First Aid/Primary Assessment & Basic Life Support

From Wikibooks, open books for an open world
Jump to navigation Jump to search
 First Aid100% developed 

Introduction100% developedIssues in Providing Care100% developedPrimary Assessment & Basic Life Support100% developedSecondary Assessment100% developedCirculatory Emergencies100% developed

Respiratory Emergencies100% developedSoft Tissue Injuries75% developedBone & Joint Injuries100% developedEnvironmental Illness & Injury100% developed

Medical Conditions & Poisoning75% developedAdvanced Topics75% developedAppendices75% developedMeta content75% developed

A quick summary of Basic Life Support/Cardiopulmonary Resuscitation (BLS/CPR) is available!100% developed

Primary Assessment & Basic Life Support
100% developed 

Emergency First Aid & Initial Action Steps75% developedA for Airway100% developedB for Breathing100% developedC for Compressions75% developedD for Deadly Bleeding100% developed

The first thing you should do in any situation requiring first aid is to follow the three C’s: Check, Call, and Care.


[edit | edit source]

Survey the scene

[edit | edit source]

Before you approach the victim, take a moment to survey the scene and prioritize your safety. Look for any potential hazards that could endanger you or others. Remember, safety should always come first.

Primary Survey

[edit | edit source]

As you approach the victim, pay attention to their position and watch for any automatic red flags. Your safety is essential, and getting hurt while trying to help could make matters worse.

Next, perform a primary survey, which can be done while walking or running to the scene. This involves checking for:

  1. Consciousness: Determine if the victim is conscious or unconscious.
  2. Breathing: Observe if the victim is breathing and if their airway is clear.
  3. Pulse: Check for a pulse to assess their circulation.

Assessing an Unconscious Victim

[edit | edit source]

When you approach an unconscious victim:

  • Look, listen, and feel for signs of breathing.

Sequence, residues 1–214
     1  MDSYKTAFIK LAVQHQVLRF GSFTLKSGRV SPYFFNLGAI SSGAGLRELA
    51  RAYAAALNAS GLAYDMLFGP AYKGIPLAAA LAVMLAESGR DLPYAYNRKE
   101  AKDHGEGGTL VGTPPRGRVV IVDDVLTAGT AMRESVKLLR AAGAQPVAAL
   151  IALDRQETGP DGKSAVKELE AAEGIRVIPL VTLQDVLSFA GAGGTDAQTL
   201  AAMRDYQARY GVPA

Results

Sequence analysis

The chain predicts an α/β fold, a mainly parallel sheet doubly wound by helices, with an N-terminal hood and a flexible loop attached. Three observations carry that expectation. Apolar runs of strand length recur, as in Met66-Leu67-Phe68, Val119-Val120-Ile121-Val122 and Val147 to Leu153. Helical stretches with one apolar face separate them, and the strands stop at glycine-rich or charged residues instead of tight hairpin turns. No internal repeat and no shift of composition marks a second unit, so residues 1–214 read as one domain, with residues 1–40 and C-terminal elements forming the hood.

• Place your ear over the person's mouth and observe the rise and fall of the chest.
  • Feel for breath on your face and listen for any moving air or signs of a blocked airway.

If the victim is not breathing, start CPR immediately. If they are breathing but unconscious, call 911 and continue monitoring vital signs until help arrives.

Suspected Head or Neck Injury

[edit | edit source]

In case of suspected head or neck injury:

  • Maintain the C-spine position until EMS (Emergency Medical Services) arrives.
  • If you determine a head or neck injury, assume the C-spine position to prevent unnecessary movements.

Always prioritize CPR if the individual is not breathing. If you suspect a head or neck injury and the person stays down, call EMS for immediate assistance.

Remember, quick and accurate assessment is crucial in providing effective first aid. Properly evaluating the situation and taking appropriate actions can make a significant difference in the victim's outcome.

After checking the victim, the first and most important step is to call Emergency Medical Services (EMS). If you are the only person present, you must make the call yourself. Remain calm and follow these steps to provide essential information to the 911 operator:

  1. Designate a Caller: If there are multiple people around, designate someone to call EMS. If you are alone, take charge and make the call.
  2. Dial Emergency Number: Dial 911 or the local emergency number immediately.
  3. Provide Essential Information: When speaking to the 911 operator, ensure you provide the following information:
    1. Location: Clearly state your precise location, including any landmarks or nearby streets.
    2. Situation Description: Briefly explain the nature of the emergency. For example, state if the victim is unconscious, injured, or experiencing a specific medical issue.
    3. Patient Description: Provide any relevant details about the patient's condition, age, and any visible injuries or symptoms.
  4. Personal Information: The 911 operator may ask for your name. Be prepared to provide it.
  5. Facility Access: If you are in a secure facility or building, inform the 911 operator of any access codes or instructions to enter the premises.
  6. Stay on the Line: Do not hang up the phone until the 911 operator instructs you to do so. They may need additional information or provide you with essential instructions.
  7. Update on Location: If you need to change locations or move the victim before EMS arrives, inform the operator of the updated location.

Remember, staying calm during this process is crucial, as it allows you to communicate effectively and provide the necessary information for a prompt and appropriate EMS response.

After calling the EMS, provide appropriate Care until EMS arrives and takes over. Continue monitoring the vital signs of the victim until EMS arrives.

It is important to do your best to stay calm and stay focused so that you will be able to provide the best care possible for the injured individual.